About Me

My photo
Indiana, United States
I have done pictures since I can remember. I took all the art classes in junior high and high school I could and naturally became an art major in college. I graduated with a BFA in art and writing and marry the two by writing and illustrating children's books.

Tuesday, February 12, 2008

How'd You Do That?

When people see my book, Drive, the first thing they generally ask is
“What medium is this done in?
“It’s all digital,” I say.
I usually receive a blank look.

It’s computer art. But that doesn’t mean I type into the computer,
“draw a big red truck,”
and voila: a big red truck.

I’ve had well-meaning folks press me on the issue if I am really doing art, since I get a lot of help from the computer. That’s actually the topic of my next entry. Here, I’d like to talk about the real process first and give you a look inside.

First of all, these pictures are not 3D renderings like Toy Story, Cars, etc. These are my drawings that are, well—painted on a computer. Each one is an original creation rather than a camera shot within a 3D scene. Call them Digital Airbrush paintings, if you will. See more.

In college, I struggled through two airbrush classes. I actually enjoyed the second one more, since I approached it as a free-form method. Airbrush, you see, is very tedious. You have to mask out everything that isn’t getting painted. Then, re-mask and paint the next object. The airbrush constantly gets clogged with dried paint and either stops working or splatters. If it splatters, your painting could be toast.

The computer has replaced all that with color blending and gradients within shapes.

That’s enough lead-in. Here’s how it worked. Once I had a story ironed out, I thumb-nailed a storyboard. Then, I found people who were willing to model for each character and had them pose for the camera. My brother was the model for the trucker. His son (my nephew, of course) was the inspiration for the towheaded boy; my mom was the café waitress.

Research is very important. I have several people to thank. I photographed Mack trucks several times to get the details correct. One day I spent in, out and around a truck owned by a friend, Tom. I also visited a Mack dealership where the actually pulled a truck out of the row and let me get into it and shoot it all around. Also, the sales manager, Terry looked at my story a couple of times to make sure that the story I was telling was plausible. I also have to mention my friend Jerry, who was once a driver. He also consulted.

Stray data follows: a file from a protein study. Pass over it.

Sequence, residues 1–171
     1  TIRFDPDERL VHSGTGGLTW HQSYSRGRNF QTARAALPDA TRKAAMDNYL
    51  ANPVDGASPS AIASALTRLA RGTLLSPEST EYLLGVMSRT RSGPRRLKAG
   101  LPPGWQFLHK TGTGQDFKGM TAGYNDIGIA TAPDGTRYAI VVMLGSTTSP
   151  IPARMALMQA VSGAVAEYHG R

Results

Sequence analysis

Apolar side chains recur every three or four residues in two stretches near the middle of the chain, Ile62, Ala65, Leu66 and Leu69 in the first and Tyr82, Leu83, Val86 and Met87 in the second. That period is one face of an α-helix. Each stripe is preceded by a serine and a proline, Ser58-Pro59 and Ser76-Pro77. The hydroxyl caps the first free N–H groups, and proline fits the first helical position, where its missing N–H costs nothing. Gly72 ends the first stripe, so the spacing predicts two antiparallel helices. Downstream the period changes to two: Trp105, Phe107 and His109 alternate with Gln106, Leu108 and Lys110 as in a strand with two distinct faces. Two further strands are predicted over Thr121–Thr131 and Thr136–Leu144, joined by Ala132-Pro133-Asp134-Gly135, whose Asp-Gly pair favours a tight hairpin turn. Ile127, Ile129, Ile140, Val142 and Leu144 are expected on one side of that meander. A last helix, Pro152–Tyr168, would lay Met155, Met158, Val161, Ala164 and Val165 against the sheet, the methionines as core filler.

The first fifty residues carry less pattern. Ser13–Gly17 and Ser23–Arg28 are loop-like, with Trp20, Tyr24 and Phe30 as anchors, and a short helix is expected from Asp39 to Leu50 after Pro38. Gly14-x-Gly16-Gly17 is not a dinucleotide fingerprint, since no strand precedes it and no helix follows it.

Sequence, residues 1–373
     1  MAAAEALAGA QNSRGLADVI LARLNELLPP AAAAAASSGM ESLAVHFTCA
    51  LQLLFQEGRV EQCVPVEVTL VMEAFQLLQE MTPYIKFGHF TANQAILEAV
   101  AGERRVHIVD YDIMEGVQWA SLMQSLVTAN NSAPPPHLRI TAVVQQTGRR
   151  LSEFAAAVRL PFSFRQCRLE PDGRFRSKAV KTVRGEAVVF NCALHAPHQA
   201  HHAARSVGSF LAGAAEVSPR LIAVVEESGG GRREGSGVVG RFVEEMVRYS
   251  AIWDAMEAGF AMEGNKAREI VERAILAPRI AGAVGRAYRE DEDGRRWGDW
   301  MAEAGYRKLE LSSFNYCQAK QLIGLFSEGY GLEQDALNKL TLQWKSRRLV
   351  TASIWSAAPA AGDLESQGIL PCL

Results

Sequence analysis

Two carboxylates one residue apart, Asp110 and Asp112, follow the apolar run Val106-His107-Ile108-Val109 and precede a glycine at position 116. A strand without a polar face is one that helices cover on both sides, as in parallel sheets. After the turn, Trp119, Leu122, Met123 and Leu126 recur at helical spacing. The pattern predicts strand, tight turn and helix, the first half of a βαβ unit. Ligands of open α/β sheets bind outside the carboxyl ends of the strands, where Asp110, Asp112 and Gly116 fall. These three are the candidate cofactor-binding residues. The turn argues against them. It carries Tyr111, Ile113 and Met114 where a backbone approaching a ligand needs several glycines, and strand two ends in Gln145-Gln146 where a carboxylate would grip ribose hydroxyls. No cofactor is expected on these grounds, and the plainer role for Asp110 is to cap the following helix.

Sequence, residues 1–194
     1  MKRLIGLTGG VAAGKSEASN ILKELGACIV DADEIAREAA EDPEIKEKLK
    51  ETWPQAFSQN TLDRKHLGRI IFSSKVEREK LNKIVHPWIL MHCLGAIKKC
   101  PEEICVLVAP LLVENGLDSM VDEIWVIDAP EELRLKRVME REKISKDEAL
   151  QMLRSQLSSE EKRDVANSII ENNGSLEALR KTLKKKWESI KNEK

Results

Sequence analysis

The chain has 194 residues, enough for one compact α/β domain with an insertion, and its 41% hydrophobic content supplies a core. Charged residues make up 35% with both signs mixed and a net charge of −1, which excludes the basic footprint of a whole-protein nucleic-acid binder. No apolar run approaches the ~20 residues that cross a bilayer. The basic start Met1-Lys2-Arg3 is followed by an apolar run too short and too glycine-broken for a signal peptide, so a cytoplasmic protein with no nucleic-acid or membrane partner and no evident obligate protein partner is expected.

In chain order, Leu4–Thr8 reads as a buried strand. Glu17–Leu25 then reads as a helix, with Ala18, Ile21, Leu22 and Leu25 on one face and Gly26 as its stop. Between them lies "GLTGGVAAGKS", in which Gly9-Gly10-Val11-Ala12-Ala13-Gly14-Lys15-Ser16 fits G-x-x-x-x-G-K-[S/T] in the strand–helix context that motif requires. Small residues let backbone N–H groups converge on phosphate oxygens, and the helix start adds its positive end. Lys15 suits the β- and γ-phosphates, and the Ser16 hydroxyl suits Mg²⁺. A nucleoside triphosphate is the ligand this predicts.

Another fun thing I did: I bought 2 scale models of Mack tractor-trailers—one with a box trailer and one with a tanker. I set up dioramas and shot those too. Using my shots of people and blending them with my dioramas, I did my tight drawings. This is how I visualized many aerial views of the truck.

After my publisher saw these pictures and gave the nod, I scanned them and used them as templates for my final artwork.

I use a program called Adobe Illustrator. Maybe you’ve played around with a pen tool in a drawing program. That’s the same tool I use. Everything, every detail, is a shape. Then, I choose color and fill the shape. It can't end there, though. If so, it would have a flat graphic appearance. I wanted all the subject matter to have form, shadow and highlights. To get that, I had to create blends—one color gradually changing into another. But the coloring on objects doesn’t always just blend from one to another in a straight line like it’s following a T-square. Colors can meander around. For these instances, I created gradient messes within the shapes. This function creates a mesh work all through the shape (with as many meridians as I determine) with a point at each intersection in the mesh. Then, I assign a color to each point and the colors blend outward from that point and into the next color point. It’s a way to create more of a free-form appearance.

None of it is easy, if you’ll allow me to say so. It’s like trying to master any other medium such as pencil, pen and ink, a brush with oils or a brush with watercolors. It’s in fact, another medium altogether. The computer's job is to respond to the commands I set up for every point (and there are thousands) in every picture.

So, why the computer and not watercolor? It’s one approach that I’ve tried that caught the eye of a publisher. There’s not a lot of it out there in the children’s market yet. There’s plenty of 3D (which is tough enough as a medium, don’t misunderstand), but not a lot of people doing this kind of work. This approach may be seen more in the general market. Tomatoes on a jar of spaghetti sauce, something in a magazine, but not so much in kids’ books.

A second reason is that watercolor is a very popular medium in the children’s market and I wanted to do something different. And, since my topic was about something mechanical, it seemed fitting to use a mechanical illustrating medium. However, I’m thinking of another book in this style about vegetables…

A really big reason is: CONTROL. I have total control over my picture. I can color and area, change the color numerous times, until I feel like it looks right. That’s a lot harder in oils and almost impossible in watercolors. Watercolors for instance, are transparent, and you can’t just paint over an area you want to change. If you wanted to change a blue midday sky to yellow-y sunset, you can’t just paint yellow over it, it would turn green. And, if my art director asked me to redo an area, or make something bigger, I had total control over that. In a painting, particularly a watercolor, I would have been stuck basically starting over.

Thanks for reading.


Joyce said...

I am so amazed!

Nathan said...

Don't be too amazed over compulsiveness :-P